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we really need this. It will make options, such as signals in tunnels and on bridges possible. It would also make turnable tunnels and underground stations possible
Still, it's a lot of work, both altering the code to pointerstyle and each of this features, but I think it's worth it


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PostPosted: Fri Jun 04, 2004 8:52 am 
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That's how I think it should work:

The old _map_owner and _map_type_and_heights arrays should stay since these data are needed for every tile, and looking up them would be faster this way. The other arrays should be replaced by an _extra_data array of pointers. These pointers are either NULL, or point to a data chunk that looks like this:

<ID><DATA><ID><DATA>...<ID><DATA><0>

where the (at least two bytes long) ID uniquely identifies the lenght and structure of the following data. Finding a property by ID would need a linear search, inserting or deleting data would need a realloc(). Since these things will be implemented as functions, the conversion of the code should be done in three parts. First we make dummy search, insert and delete functions that in fact read from the old landscape arrays. Then we can start rewriting the code to use the new functions gradually, since we get the same data in both ways. After finishing all the code conversion, we change the dummy functions to real ones, and voila: we have a more flexible and easily extendible landscape.


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PostPosted: Sun Jun 13, 2004 9:04 pm 
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If everything goes well, my last exam will be on Wednesday. After that, I'll have a lot of free time until September, so I can work on this idea. If, of course, you devs agree with it. If anyone has problems or questions about the format I suggested in my previous post, go ahead and let's start discussing it.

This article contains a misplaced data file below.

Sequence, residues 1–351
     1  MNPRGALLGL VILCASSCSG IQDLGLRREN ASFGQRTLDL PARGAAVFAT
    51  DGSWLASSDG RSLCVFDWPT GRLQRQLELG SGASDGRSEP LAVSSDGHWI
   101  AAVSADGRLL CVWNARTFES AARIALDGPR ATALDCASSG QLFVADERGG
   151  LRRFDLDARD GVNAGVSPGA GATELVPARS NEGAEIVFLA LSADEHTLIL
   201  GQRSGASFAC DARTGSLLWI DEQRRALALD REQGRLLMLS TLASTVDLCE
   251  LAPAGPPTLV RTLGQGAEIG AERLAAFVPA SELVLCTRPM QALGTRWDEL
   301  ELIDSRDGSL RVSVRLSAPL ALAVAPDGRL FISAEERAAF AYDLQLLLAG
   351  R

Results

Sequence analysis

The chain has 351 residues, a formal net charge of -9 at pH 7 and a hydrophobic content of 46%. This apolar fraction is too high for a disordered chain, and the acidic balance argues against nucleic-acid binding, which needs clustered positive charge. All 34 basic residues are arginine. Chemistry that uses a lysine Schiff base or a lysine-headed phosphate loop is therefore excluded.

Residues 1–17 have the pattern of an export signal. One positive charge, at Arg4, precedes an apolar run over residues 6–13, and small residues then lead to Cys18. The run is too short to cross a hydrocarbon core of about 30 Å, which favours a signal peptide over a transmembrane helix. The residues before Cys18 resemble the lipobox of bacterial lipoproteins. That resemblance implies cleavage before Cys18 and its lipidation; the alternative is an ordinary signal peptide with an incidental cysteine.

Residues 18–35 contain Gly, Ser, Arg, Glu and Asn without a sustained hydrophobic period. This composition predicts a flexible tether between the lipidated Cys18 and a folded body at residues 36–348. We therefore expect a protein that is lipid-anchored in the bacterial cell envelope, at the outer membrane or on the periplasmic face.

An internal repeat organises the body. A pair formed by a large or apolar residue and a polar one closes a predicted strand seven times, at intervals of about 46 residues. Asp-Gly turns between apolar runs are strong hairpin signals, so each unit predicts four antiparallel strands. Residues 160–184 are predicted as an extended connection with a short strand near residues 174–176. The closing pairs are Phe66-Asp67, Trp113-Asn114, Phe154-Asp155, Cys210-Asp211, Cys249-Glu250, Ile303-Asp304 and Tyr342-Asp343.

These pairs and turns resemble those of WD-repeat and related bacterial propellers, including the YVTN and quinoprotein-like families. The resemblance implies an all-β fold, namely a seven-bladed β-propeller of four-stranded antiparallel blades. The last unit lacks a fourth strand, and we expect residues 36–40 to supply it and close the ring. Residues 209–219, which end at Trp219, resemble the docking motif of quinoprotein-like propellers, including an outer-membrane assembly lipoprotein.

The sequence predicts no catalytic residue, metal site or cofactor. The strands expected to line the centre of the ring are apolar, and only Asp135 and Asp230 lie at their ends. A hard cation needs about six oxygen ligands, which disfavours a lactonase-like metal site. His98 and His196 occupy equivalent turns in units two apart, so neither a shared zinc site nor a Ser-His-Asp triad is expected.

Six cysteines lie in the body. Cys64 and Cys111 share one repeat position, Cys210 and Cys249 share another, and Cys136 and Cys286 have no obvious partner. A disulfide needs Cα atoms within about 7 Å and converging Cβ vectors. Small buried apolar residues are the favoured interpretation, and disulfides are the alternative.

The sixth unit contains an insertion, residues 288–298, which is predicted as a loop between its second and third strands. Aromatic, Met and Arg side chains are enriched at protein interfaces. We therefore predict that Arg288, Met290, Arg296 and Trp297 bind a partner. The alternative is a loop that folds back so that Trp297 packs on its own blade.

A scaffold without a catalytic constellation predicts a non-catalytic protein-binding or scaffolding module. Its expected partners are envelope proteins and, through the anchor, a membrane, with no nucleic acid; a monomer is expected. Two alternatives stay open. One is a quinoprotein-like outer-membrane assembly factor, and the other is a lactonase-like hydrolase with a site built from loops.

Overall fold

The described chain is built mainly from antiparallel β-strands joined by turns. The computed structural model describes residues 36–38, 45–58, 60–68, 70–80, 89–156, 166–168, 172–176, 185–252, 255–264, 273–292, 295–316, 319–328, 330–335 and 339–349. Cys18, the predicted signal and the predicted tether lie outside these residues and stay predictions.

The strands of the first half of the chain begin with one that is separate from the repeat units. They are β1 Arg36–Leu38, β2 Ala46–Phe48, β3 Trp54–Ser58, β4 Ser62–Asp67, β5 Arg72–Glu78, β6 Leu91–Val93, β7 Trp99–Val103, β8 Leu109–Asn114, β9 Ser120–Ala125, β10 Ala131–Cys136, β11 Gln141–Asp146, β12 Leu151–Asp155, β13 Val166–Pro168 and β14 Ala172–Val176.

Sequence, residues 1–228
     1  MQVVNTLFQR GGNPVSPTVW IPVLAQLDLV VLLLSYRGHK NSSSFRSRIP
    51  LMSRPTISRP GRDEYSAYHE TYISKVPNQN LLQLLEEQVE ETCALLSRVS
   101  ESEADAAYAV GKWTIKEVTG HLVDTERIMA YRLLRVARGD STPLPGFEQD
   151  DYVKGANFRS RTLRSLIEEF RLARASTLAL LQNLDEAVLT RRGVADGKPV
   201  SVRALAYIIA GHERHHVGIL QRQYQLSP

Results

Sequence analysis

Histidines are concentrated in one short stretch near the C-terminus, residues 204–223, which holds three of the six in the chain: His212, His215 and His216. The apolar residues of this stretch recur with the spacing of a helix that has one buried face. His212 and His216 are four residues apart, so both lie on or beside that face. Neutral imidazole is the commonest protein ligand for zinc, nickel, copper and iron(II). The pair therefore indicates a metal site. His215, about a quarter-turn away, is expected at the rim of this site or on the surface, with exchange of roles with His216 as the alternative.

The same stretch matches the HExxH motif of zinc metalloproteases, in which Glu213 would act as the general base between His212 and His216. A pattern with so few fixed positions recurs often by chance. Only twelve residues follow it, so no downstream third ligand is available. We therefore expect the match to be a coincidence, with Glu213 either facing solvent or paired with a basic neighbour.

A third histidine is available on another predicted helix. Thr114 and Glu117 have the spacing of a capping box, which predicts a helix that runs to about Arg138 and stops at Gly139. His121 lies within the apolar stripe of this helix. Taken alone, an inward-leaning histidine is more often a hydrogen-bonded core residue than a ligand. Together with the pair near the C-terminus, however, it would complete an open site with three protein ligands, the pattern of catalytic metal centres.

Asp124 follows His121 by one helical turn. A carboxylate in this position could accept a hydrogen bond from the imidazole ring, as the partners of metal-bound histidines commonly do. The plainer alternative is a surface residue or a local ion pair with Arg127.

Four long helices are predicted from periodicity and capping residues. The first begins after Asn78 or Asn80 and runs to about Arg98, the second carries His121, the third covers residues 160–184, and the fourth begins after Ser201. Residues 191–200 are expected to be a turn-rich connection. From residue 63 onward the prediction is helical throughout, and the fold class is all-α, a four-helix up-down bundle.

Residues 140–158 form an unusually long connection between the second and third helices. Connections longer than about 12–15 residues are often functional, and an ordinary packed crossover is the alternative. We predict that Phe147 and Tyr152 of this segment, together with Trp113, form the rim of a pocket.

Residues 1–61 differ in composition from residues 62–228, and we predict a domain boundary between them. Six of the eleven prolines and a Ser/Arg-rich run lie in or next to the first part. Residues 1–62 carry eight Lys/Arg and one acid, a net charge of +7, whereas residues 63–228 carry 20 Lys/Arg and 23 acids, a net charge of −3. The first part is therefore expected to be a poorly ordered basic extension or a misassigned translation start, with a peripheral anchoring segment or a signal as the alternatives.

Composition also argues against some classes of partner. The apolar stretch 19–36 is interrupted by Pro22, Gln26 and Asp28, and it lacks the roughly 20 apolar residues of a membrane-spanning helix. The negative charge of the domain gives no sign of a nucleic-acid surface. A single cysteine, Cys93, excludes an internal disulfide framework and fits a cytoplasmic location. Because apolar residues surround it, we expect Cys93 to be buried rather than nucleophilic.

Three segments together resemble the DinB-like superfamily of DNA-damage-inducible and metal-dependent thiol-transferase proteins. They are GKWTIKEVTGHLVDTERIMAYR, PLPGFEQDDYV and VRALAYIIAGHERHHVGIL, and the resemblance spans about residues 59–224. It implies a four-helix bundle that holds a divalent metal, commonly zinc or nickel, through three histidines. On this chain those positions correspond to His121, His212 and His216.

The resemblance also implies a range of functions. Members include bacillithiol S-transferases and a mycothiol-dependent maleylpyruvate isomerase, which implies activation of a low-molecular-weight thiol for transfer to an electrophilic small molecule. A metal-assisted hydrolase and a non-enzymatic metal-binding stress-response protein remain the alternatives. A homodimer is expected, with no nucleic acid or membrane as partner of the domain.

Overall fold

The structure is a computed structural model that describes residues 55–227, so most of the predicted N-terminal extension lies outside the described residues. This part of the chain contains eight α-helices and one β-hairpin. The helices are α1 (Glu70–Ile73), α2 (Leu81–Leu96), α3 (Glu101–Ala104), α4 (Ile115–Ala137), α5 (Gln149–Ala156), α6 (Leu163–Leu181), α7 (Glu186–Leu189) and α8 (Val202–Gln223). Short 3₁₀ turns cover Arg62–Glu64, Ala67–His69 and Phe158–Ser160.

If you agree with the format, I suggest these functions for using new landscape data:

void *GetPropByXY(int x,int y,PROP_ID prop)
Returns a pointer to the property data from the tile identified with the given ID. If there's no data assigned to the property, it returns NULL.

void *GetPropByXYDef(int x,int y,PROP_ID prop,void *default)
The same as above, except that if it doesn't find the property then adds it to the tile, with the default values given in the fourth parameter.

void SetPropByXY(int x,int y,PROP_ID prop,void *data)
This one is only needed for the temporaly stage when we access landscape data both ways. The dummy getter functions malloc() a data block filled with the data in the new format, while SetPropByXY translates the new format data back to old format, stores it in the landscape arrays, then free()-s the temporary memory block. This is an ugly solution, but needed only temporarily. In the new-style landscape data management, changes can be done directly on blocks returned by getter functions, all setter functions can be deleted from the code.

void DelPropByXY(int x,int y,PROP_ID prop)
Deletes data assigned to the given property from the given tile. If there's no such property, the function returns silently without doing anything.

void *GetPropByTile(void *tile,PROP_ID prop)
void *GetPropByTileDef(void *tile,PROP_ID prop,void *default)
void SetPropByTile(void *tile,PROP_ID prop,void *data)
void DelPropByTile(void *tile,PROP_ID prop)
Similar to the above, except they operate on a pointer taken directly from _extra_data.

PROP_ID is defined as either an uint_16 or an uint_32, and every value has an according symbolic name like PROP_GROUND_STATE or PROP_FENCE_STATE. The starting set of PROP_ID values can be created by using Marcin's TTD internals file. This file can be also used for the dummy functions needed for the temporary stage. I'd gladly write both the final and the dummy functions (the final ones will be pretty easy anyway) and start converting the code to the new style, but it hasn't any sence if others don't agree with using this format. I'm also open for suggestions to improve this system.

PS: I don't know how frequently I can access Internet in the summer holiday, so I may be lagging behind the SVN releases. I hope this wouldn't hurt so much with this kind of work (changing code already present without changing its function).


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PostPosted: Mon Jun 14, 2004 1:00 pm